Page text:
October 3, 2015 • sunset to sunrise
A free all-night contemporary art event
Experience Toronto transformed by contemporary art projects created by hundreds of artists.
The 10th edition of Scotiabank Nuit Blanche will feature more than 70 independent projects by Toronto’s arts community and four curated exhibitions produced by the City of Toronto.
Exhibition Projects by the City of Toronto
Under the director of four curators, Scotiabank Nuit Blanche 2015 features more than 45 public art projects by local, national and international artists. See below to view the curatorial vision and select participating artists from the 2015 line-up.
Isabel Pedersen, Canada Research Chair and Director of the Decimal Lab at UOIT, and Olexander Wlasenko, curator of Whitby’s Station Gallery, are co-organizing a wearable technology curated art exhibit and small academic symposium from September to October of 2015. The event will be hosted at the Whitby Station Gallery from September 19th until October 11th while a shorter exhibit will take place at UOIT from September 24th- 26th, 2015.
September 19th – October 11th, 2015
The proposed title Wear Me: Art|Technology|Body speaks to the motives we hope to explore through the exhibit. The exhibit will discover a body that is constantly negotiating demands made by technology – both humanizing and dehumanizing. Wear Me imagines devices and gadgets as agents in dialogue with the human subject/body. It will probe relationships between the two such as collaboration, co-sensing, co-authorship, friendship, hegemony, nostalgia, play, surveillance, symbiosis, amelioration, parasitism, imprisonment and many other relationships. It will imagine humans and wearable components contextualized within physical, social, political, and phenomenological networks rather than in isolated subjectivity. The intent is to incite artistic exploration through provocative, playful, or challenging submissions. We will encourage a range of artistic media including media installations, photography, film, painting, drawing, and sculpture; in sum, a wide range of artistic responses. Station Gallery will be the central location for the exhibit with some installations or artifacts appearing at Decimal Lab on UOIT campus.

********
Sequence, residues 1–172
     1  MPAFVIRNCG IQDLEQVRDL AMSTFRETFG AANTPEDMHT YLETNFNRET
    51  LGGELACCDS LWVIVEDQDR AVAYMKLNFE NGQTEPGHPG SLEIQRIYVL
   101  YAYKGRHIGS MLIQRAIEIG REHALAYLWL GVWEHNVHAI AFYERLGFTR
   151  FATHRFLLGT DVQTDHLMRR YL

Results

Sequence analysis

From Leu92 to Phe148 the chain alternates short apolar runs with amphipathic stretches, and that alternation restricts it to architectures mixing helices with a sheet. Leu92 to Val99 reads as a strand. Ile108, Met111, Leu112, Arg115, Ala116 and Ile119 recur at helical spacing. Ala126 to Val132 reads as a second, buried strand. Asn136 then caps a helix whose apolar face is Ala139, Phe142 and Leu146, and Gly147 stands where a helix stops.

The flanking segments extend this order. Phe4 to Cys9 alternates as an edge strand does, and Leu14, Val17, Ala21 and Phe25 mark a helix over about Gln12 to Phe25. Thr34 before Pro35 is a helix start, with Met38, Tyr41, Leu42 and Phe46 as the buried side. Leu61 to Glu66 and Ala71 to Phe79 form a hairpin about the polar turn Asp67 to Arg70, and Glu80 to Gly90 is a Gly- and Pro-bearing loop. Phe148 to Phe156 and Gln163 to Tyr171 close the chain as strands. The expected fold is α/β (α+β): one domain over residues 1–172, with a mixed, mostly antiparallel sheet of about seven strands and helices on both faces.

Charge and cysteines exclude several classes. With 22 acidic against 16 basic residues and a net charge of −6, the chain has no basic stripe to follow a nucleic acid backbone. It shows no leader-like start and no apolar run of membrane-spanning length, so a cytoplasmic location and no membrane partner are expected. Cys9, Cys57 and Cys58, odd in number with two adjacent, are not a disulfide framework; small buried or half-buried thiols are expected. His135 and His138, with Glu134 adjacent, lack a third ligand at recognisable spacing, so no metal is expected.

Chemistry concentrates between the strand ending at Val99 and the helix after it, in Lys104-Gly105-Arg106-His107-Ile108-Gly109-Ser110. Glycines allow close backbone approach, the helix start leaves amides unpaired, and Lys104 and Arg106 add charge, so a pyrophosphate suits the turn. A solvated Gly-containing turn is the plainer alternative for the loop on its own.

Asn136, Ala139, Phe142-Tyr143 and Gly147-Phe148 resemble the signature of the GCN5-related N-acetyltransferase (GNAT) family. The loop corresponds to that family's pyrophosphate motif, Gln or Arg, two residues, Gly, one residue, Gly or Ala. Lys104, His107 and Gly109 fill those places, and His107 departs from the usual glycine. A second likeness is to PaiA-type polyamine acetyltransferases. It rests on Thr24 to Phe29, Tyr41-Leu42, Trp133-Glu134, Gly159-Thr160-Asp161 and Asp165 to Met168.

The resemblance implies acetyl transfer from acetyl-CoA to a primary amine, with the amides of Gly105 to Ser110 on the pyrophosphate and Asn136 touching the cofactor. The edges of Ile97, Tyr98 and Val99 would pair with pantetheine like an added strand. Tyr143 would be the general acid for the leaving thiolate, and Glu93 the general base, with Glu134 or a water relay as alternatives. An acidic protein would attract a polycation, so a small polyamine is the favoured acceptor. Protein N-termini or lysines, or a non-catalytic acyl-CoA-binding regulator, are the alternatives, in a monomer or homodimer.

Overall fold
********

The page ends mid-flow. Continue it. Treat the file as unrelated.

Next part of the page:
September 24, 2015
The Wear Me symposium will encourage dialogue concerning art, wearable technology, media, and the human body in this collaborative effort between Decimal Lab at University of Ontario Institute of Technology and the Whitby Station Gallery. The focus for this symposium is to engage a humanities perspective on wearable technological devices and art, in addition to discussing academic perspectives, of how new technology is disseminated through popular media to the masses. Technologies that might be of exploratory interest for this symposium will include wearable computers, heads-up display technology (e.g., Google glass), augmented reality art worn or projected on the body, lifelogging worn devices, implants, wearable brain headsets and interfaces, wearable game controllers, and future-proposed wearable components such as digital tattoos.
Graduate Student Conference
September 25, 2015
Wear Me imagines devices and gadgets as agents in dialogue with bodies. It probes relationships such as collaboration, co-sensing, co-authorship, friendship, hegemony, nostalgia, play, surveillance, symbiosis, amelioration, parasitism, imprisonment and many other relationships. It will imagine humans and wearable components contextualized within physical, social, political, rhetorical and phenomenological networks. Relevant research foci might include materialism, transhumanism, posthumanism, and nonhumanism contextual- ized through this wearable turn in mobile culture. Academic fields that might be hailed by this call include digital rhetoric, transhuman- ism/posthumanism, utopian studies, actor-net- work theory, quantified self, cyborg studies, digital humanities, political economy of com- munication, maker culture, futurism, and many other fields. Technologies that might be of exploratory interest for this symposium include wearable computers, display technology, augmented reality, lifelogging worn devices, implants, wearable brain headsets, Internet of Things, wearable game controllers, and future-proposed wearable components (e.g., digital tattoos), or many other instantiations of mediation.
Wearable Cameras, Lifelogging, Bionic Eye Implants, Drones, 360-degree cameras & 3D scanning the focus of September’s WWTO.
As far back as our cave dwelling days we have been compelled to document and tell the stories of our lives. We have come a long way since chiseling pictures on rocks with nearly 2 billion of us walking around with cameras in our pockets but new technologies such as wearables and drones are taking us even further.